For 56 Million Seniors, New Cuts to Lab Tests Makes the Road to Better Health Much Harder

Millions of seniors weathered the worst of the pandemic – the uncertainty of COVID-19, the disruptions to family life and the ongoing risks to their health. As a result of many factors throughout the pandemic, seniors have faced a drastic, and concerning, drop in routine testing and diagnostic screenings for cancer and other chronic conditions. Now seniors across the country could face a new risk: losing access to the critical lab services that are essential for diagnosing and treating chronic and severe conditions at their earliest stages.

In 2014, Congress passed the Protecting Access to Medicare Act (PAMA) to establish a uniform reimbursement system for labs across the country. However, as a result of flawed implementation, laboratories have faced three years of 10 percent cuts to the most common laboratory tests, including the top 25 tests most used by seniors. Fast forward to January 2022, the U.S. Department of Health and Human Services is set to further cut Medicare reimbursement for nearly 600 clinical laboratory tests.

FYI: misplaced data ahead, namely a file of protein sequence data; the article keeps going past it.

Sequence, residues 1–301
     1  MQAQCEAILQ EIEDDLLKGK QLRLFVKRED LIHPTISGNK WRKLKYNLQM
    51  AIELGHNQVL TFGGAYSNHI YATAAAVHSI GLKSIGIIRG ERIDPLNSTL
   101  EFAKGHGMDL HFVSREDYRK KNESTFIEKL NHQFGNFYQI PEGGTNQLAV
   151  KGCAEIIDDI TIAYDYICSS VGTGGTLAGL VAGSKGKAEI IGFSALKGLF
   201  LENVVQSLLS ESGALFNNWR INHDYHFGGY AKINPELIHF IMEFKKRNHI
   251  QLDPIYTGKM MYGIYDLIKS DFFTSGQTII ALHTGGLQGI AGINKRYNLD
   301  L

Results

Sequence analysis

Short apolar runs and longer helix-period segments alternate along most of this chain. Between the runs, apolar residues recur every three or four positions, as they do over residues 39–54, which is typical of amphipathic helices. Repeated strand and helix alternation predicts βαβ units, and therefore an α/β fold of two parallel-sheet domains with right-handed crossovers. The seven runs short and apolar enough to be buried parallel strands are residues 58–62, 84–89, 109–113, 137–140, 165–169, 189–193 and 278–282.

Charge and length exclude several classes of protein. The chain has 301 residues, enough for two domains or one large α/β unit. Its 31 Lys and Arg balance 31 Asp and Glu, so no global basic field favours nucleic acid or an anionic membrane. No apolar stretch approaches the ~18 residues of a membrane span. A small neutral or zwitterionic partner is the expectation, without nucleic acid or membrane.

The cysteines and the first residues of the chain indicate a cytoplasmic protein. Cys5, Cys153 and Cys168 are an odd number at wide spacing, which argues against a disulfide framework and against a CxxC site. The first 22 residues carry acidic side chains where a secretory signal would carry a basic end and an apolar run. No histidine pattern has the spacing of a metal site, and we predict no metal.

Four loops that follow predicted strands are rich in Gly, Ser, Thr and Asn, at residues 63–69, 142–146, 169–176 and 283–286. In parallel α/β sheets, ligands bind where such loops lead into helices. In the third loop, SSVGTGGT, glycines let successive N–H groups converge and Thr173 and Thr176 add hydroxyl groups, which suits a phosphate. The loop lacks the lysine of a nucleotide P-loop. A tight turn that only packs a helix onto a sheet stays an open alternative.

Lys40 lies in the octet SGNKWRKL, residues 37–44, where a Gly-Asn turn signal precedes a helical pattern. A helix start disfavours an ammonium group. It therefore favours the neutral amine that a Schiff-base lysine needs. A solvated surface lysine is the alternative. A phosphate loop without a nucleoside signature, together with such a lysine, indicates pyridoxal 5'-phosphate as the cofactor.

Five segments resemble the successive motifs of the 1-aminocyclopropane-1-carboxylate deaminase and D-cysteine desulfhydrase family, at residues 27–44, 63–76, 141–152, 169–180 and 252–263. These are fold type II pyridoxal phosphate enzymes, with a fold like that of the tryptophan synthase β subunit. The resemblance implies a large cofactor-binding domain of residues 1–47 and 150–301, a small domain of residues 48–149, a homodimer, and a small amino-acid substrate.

Previous Medicare cuts to lab tests have already forced specialized labs serving nursing homes, skilled nursing and long-term care facilities to significantly reduce services, and in some cases, stop operations or lay off staff. These cuts have a disproportionate impact on seniors in rural communities who already face shortages of medical care and staffing within their communities.  

Congress has recognized the direct harm to patients as a result of these cuts. Over the last two years, policymakers have passed bipartisan legislation, including the 2019 Laboratory Access for Beneficiaries (LAB) Act and the 2020 Coronavirus Aid, Relief, and Economic Security Act, to make sure seniors’ access to lab testing was maintained.  

However, without Congress taking immediate steps to delay the upcoming cuts and flawed reporting requirements, seniors could face new challenges in accessing the testing they need. 

Congress acted in the darkest days of the pandemic to make sure America’s seniors wouldn’t lose access to vital lab services. As we approach the 11th hour, policymakers must do everything possible to ensure Medicare beneficiaries get the care they need.  

Print page / Save as PDF